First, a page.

Posted by: David Stewart | December 29, 2011

How Running Helps with Dying

On the day after Christmas this year, we were watching a movie, something we enjoy doing together as a family. The latest Mission Impossible movie, with my brother-in-law, and our phones were silenced. When the lights came up, we listened to our voice mail and got the bad news – Dad had suffered a stroke and was in the hospital.

When someone died in ancient times, the highest complement you could be paid (for example in the Bible) was "he died at a good old age, an old man and full of years." That’s a good description of my Dad. At 87 years old, he had survived our mother, he had made countless contributions to human knowledge, had worked until he was 83 years old doing something he loved, and had his whole family with him.

His stroke affected him profoundly, for example he could not swallow and was sleeping almost all of the time. His status was complicated by an existing Parkinsons-like neurological condition which had eroded his quality of life severely. He was increasingly unhappy at his dwindling capability. The neurologist told us he was not going to recover, even to the degraded point he was at before the stroke.

Dad was always very clear to us about his desire not to be kept alive through feeding tubes or extraordinary means. He was completely clear about that point, and I felt like we had to respect his values and his wishes. So the three children together with Dad’s wife, our stepmother, made the choice to move him into care at Porter Hospice in Denver. He would be moved from active care to comfort care to ease his transition. I have high complements for the staff at Swedish Medical Center and Porter Hospice, who were very compassionate and professional, not pushing anything on us, and at Porter creating a very comforting and comfortable environment for Dad and for our family.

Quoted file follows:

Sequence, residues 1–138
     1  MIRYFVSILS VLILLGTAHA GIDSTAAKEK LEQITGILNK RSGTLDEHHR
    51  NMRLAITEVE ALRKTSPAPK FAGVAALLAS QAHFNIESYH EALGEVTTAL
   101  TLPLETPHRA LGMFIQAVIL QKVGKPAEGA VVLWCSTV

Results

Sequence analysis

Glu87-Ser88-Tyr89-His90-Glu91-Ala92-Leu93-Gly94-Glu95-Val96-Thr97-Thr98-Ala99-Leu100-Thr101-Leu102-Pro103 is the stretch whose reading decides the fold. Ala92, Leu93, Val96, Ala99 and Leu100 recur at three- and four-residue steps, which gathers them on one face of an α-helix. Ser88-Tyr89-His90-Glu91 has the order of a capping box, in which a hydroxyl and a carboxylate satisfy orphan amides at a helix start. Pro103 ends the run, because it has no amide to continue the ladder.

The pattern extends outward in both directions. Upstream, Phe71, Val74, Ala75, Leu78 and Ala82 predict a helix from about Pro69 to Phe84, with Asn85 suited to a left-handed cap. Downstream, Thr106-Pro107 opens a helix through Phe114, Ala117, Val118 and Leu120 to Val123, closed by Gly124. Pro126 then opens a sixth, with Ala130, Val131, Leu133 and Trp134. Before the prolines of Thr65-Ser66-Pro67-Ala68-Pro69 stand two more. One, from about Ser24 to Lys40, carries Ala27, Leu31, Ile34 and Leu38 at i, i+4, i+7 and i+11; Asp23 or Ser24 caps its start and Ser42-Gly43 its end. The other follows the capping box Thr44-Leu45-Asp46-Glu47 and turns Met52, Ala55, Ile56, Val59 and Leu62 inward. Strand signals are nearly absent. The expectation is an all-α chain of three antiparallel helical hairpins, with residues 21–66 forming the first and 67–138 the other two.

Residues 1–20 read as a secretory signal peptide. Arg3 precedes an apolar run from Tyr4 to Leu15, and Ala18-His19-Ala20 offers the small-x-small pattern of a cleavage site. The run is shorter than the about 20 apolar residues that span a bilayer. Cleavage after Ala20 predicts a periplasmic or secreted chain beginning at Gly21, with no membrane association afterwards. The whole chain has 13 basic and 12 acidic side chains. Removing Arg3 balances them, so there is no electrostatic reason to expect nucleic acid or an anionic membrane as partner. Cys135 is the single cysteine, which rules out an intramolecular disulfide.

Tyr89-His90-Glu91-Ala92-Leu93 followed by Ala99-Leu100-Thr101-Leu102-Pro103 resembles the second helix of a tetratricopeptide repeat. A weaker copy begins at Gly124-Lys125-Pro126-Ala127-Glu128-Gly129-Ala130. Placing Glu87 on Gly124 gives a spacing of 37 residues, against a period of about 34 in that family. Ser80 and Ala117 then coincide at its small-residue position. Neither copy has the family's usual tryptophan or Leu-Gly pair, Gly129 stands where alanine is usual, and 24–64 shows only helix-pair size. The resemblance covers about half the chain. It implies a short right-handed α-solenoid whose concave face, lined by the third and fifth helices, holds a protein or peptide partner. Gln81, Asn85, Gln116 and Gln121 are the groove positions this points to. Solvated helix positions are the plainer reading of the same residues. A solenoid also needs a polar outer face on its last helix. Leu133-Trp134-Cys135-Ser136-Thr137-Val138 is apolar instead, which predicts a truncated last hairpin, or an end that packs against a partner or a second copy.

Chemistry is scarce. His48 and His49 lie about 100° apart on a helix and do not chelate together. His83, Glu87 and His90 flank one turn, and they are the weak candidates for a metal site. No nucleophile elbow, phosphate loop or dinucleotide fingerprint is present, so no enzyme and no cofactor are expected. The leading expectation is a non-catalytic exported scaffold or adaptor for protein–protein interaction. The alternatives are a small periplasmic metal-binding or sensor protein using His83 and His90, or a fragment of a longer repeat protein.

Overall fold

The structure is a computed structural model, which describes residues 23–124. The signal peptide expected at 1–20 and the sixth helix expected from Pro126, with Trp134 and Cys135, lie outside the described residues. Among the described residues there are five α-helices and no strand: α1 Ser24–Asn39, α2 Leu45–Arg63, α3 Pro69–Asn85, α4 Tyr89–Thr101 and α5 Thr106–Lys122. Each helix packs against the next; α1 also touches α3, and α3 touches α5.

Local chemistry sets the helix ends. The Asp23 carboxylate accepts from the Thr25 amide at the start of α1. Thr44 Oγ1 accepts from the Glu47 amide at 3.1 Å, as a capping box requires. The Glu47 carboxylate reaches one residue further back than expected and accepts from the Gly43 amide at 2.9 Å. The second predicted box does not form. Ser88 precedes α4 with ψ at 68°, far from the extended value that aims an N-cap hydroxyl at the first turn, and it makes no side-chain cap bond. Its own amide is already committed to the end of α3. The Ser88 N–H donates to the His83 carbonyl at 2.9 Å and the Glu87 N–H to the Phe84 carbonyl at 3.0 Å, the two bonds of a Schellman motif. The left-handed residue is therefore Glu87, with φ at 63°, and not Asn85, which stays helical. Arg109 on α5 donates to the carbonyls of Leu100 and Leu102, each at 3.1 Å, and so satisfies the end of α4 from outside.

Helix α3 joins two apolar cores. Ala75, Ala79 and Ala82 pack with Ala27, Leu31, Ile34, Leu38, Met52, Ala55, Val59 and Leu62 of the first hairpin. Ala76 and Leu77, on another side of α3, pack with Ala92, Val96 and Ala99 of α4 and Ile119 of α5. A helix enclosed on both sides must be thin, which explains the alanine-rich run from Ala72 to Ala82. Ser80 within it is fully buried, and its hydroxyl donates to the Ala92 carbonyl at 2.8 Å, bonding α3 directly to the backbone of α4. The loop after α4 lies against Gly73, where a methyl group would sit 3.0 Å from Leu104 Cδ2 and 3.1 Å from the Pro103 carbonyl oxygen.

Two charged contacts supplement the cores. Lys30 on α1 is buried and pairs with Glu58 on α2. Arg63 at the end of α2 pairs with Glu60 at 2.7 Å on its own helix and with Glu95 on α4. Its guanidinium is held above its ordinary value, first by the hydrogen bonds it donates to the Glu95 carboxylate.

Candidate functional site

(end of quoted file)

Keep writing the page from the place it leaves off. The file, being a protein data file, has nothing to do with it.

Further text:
This morning I took a run around my sister’s neighborhood outside Denver. I thought how much my running helps me understand dying a little better. I’m not acclimated to Colorado’s high altitude. So I am gasping and struggling for breath, my legs feel fatigued and I am slipping on patches of ice remaining on sidewalks.

I thought about Dad lying in bed in hospice, breathing rapidly as pneumonia gradually made it harder to take in air. How the very act of trying to move would be so fatiguing trying to work through disobeying nerves.

Once you stop running, you can usually catch your breath. You can rest your muscles and recover from fatigue. But Dad couldn’t rest from his journey until the end. Hospice staff is well trained so that there is no perception of suffering at the end. It is quite peaceful from the patient’s perspective. I think that there may be more suffering for the family as they sit and wait for an undetermined time for the end.

Running has helped me to feel in a very tiny way some of what Dad might feel, and also to know that what seems painful now will end. In any training run or race, there is an end, a finish line. Pain must sometimes be endured for a time, even as patience wears thin. There is a time for all things, as it says, even a time to die. "He has made everything beautiful in its time."

Dad passed away this morning, crossing the finish line, accepting his medal and resting.


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